This is getting old.
NASCAR Chief Marketing Officer Steve Phelps insisted that NASCAR doesn’t have sponsorship issues Sunday morning before the Cup Series race at Pocono. He blamed an “industry” that likes to focus on the “negative” and said it was a “misconception” that the United States’ biggest auto racing series was facing sponsorship problems.
“You know, I think there’s a misconception out there that sponsorship in NASCAR is not doing well, and that’s not true,” Phelps said. “We have more sponsors in this sport today than we’ve ever had. We’ve got almost half the Fortune 100, almost a third of the Fortune 500. It’s a lot of large companies who are in the sport not because ‑‑ it would be really cool to go racing. It’s because it works … So people tend to focus on oh, my gosh, sponsor A left and sponsor B left, and for us, it’s like, okay, well, C, D, E and F also came on board as brand new sponsors. And then a plethora of others have renewed or extended for a period of time.
“I think this industry tends to focus on the negative. I’m not really sure why.”
Phelps comments line up with a talking points email that was sent to various outlets that cover NASCAR — including Yahoo Sports — in the days after 5-Hour Energy’s announcement that it was ending its sponsorship of Martin Truex Jr. at the end of the 2018 season and leaving the sport entirely.
The counter to the news of 5-Hour’s departure along with the loss of Lowe’s — the only sponsor seven-time champion Jimmie Johnson has had and another company leaving NASCAR at the end of the 2018 season — is that companies like Wyndham, John Deere, ITSaavy and Worldwide Technology are entering NASCAR. Or, in the case of John Deere, re-entering the sponsor realm after a long absence.
That is undeniably true. But it’s also undeniably true that the number of races that those four companies are sponsoring wouldn’t amount to a full slate of 36 races if they were all for the same team. Lowe’s has been a full-season sponsor of Johnson since he arrived in the Cup Series. 5-Hour Energy is a co-primary sponsor for Truex in 30 races in 2018. If you halve 5-Hour’s commitment to 15 races and do a little rounding, the departure of Lowe’s and the energy drink is a loss of 50 races of primary sponsorship.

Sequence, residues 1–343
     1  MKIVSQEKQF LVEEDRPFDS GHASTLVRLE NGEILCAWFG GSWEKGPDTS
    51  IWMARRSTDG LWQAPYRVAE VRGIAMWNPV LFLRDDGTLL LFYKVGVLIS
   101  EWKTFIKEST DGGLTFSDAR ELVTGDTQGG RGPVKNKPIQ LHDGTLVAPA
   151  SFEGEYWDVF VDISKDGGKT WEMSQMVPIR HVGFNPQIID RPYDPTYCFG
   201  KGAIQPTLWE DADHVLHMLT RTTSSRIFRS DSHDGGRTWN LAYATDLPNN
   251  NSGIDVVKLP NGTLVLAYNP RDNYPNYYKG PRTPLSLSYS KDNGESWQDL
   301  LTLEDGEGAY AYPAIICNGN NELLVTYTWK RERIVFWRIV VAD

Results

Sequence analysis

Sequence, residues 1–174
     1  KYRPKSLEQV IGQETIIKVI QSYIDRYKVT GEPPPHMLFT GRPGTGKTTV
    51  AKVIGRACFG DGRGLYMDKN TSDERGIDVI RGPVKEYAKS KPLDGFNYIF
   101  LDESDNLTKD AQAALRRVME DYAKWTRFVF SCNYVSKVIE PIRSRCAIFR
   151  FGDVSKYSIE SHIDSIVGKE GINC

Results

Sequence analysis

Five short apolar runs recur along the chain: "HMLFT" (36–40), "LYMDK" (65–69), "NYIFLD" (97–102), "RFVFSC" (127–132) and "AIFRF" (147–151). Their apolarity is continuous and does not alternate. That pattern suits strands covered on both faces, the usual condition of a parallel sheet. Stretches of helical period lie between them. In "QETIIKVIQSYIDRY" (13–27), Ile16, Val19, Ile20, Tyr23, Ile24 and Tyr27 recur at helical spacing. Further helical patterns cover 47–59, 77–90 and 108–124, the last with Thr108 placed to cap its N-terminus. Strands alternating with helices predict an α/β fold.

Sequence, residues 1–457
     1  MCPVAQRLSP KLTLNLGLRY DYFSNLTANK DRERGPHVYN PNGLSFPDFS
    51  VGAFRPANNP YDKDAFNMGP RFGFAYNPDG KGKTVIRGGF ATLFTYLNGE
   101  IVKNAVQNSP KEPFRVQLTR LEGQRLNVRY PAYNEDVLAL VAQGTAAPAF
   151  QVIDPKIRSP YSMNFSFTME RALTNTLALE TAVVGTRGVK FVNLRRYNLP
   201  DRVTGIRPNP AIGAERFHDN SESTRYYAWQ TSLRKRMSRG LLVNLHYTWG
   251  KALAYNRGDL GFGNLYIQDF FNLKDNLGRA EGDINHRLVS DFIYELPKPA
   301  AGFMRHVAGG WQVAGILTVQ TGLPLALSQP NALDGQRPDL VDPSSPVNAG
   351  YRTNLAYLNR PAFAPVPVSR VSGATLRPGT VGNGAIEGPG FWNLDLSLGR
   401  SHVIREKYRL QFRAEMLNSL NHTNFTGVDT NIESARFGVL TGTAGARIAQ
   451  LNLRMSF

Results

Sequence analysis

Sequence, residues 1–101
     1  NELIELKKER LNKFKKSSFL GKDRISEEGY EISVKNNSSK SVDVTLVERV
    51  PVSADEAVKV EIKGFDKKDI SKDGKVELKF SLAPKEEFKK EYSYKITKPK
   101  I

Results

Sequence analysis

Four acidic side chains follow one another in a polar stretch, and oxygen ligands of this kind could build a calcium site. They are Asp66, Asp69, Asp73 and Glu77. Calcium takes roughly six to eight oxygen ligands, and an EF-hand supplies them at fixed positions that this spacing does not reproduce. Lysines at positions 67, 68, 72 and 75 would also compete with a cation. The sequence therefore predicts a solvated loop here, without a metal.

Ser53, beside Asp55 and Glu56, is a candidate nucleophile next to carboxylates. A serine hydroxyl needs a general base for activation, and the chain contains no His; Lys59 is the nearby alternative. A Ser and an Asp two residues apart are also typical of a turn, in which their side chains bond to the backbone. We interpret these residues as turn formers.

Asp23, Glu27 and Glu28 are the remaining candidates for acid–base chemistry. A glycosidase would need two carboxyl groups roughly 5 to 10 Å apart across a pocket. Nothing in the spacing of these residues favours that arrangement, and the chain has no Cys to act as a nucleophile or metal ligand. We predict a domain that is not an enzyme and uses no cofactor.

Those four aforementioned companies arent even close to that. The adage that quantity doesn’t equal quality is extremely applicable here. If sponsors like Lowe’s, 5-Hour and Target — three of the most recognizable primary sponsors in the Cup Series — weren’t leaving, NASCAR wouldn’t be left grasping to tout extensions by companies like Shell and FedEx.
Apologies for being negative, Steve.
That adage is also why Phelps’ Sunday comments and NASCAR’s talking points are easily dismantled. It sure looks good to tout that NASCAR has a bunch of Fortune 500 companies — and it does — but when you consider that the sport has 43 official sponsors including an “official outdoor sponsor” and an “official private aviation partner” you can see why sponsor numbers are inflated.